NEW YORK, March 24, 2016 /PRNewswire/ -- Over the past two decades, so-called "big box" stores have transformed the retail landscape in emerging markets, but not in the way many local store owners and policymakers had feared. New research, partially funded by the Chazen Institute of International Business at Columbia Business School, shows that the arrival of organized retailing in developing economies has helped strengthen the network of mom-and-pop stores that still dominate the industry.
"Because organized retailing has done so well in some emerging markets, there was a feeling that it would be the death knell for unorganized retail," explains Kinshuk Jerath, an associate professor in the marketing division at Columbia Business School. "But the impact of organized retailing is not uniform across different countries and economies. In some economies, such as Chile, independent small retailers are feeling the heat. However, in other economies such as India, what is actually happening is that the market share of unorganized retailing is growing after the advent of organized retailers."
The paper, titled "A Model of Unorganized and Organized Retailing in Emerging Economies," is coauthored by Jerath with S. Sajeesh from City University of New York and Z. John Zhang, from the University of Pennsylvania's Wharton School, and explains in detail the symbiotic relationship between organized and unorganized retail.
The lure of a growing middle class, combined with increasingly liberal foreign direct investment policies, has helped pull international giants, such as Walmart and Carrefour, into developing countries. At the same time, homegrown conglomerates such as Big Bazaar and Reliance Fresh in India are on the rise, adding to the fierce competition within the retail space.
What wasn't expected, though, was that the surviving local retailers have benefitted from the market efficiencies that the big chains have implemented, such as access to more products and better distribution systems. With lower costs and less competition, the surviving local merchants can charge higher prices and enjoy higher profit margins.
A Profitable Coexistence
Organized and unorganized retailers serve consumers in very different ways. An important characteristic of family-run stores is that they operate on an extremely small scale, serving households that live within walking distance. As a result, local shopkeepers are intimately familiar with their customers, and can maintain tight control over their inventory while offering highly personalized service to their customers.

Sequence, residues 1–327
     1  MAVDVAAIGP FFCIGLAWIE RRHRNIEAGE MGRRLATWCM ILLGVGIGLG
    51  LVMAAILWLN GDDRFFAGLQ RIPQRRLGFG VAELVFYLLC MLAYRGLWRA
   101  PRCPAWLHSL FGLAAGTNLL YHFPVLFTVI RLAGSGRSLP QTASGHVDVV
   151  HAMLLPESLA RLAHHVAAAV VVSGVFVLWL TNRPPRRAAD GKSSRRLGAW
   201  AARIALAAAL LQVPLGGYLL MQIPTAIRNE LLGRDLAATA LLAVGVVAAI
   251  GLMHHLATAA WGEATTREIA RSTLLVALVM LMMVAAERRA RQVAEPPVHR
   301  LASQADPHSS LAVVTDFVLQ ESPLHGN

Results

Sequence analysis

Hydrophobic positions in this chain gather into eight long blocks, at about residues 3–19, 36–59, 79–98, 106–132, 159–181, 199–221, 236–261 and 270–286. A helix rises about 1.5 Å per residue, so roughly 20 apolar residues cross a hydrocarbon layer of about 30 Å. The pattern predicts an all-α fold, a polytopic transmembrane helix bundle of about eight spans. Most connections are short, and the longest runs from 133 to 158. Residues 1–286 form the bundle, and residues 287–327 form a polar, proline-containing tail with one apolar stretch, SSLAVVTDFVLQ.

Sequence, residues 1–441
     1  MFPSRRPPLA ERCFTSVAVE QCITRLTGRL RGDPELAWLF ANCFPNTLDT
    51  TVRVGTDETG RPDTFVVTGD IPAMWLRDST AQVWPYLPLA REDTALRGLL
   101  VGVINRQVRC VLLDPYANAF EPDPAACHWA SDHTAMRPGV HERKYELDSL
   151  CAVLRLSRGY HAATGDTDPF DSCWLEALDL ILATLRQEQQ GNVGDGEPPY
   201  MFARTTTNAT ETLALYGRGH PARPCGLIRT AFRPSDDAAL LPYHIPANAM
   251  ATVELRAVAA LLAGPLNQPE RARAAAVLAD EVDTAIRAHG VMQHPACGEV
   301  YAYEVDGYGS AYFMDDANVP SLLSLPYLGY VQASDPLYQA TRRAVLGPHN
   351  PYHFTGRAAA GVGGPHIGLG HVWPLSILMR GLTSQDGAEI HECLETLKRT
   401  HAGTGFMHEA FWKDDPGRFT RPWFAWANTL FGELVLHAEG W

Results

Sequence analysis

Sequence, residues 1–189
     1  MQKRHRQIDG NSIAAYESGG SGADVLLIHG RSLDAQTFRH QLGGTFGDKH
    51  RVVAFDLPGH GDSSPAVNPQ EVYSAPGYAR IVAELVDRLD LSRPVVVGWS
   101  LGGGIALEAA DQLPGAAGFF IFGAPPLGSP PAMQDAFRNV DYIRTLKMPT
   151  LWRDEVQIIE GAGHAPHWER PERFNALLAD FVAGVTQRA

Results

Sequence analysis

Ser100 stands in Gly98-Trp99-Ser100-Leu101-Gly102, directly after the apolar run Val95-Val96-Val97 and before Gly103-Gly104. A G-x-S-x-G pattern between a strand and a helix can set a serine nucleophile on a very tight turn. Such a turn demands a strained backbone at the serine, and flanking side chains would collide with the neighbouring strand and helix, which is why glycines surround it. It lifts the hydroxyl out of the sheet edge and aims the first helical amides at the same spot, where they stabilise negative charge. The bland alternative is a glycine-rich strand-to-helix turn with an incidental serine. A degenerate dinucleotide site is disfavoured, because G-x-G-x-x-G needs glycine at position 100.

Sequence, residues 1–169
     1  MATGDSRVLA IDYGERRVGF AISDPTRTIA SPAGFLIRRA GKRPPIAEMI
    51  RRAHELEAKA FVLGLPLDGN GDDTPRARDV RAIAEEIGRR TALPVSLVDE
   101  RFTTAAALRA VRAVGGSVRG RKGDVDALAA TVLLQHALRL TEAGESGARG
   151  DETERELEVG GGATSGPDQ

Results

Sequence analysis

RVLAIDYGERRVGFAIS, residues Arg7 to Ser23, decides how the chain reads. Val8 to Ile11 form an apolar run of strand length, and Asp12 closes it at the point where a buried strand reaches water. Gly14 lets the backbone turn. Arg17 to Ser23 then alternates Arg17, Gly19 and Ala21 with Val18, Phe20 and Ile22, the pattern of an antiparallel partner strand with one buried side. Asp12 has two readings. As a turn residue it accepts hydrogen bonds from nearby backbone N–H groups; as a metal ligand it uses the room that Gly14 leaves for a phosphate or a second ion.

On the other hand, while organized retailers can offer a wider variety of merchandise at lower prices, getting to the store often involves additional costs for the average consumer, including transportation expenses and the additional time needed to make the trip.
Another potential cost is that when products are bought in bulk instead of on an as-needed basis there's a higher risk that some of the product will go to waste, raising its per-unit cost.
Policymakers can use the insights gleaned from this research to help balance the growth of unorganized and organized retailing in emerging markets, Jerath says.
For example, the findings show that governments could minimize resistance from unorganized retailers to outside merchants by drafting policies that allow gradual foreign direct investment. That would give the local unorganized retailers time to emulate best practices of the organized retailers and create efficient supply chain infrastructure.
"Overall, the findings paint a somewhat dismal picture for consumers — those who purchase from the unorganized retailers pay a higher price and those who purchase from the organized retailer risk wastage" which increases their real costs, the authors note. Because of these higher consumer costs, it's not a foregone conclusion that the advance of organized retailing in emerging markets is necessarily good for the overall economy, the authors conclude.
About Columbia Business School
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SOURCE Columbia Business School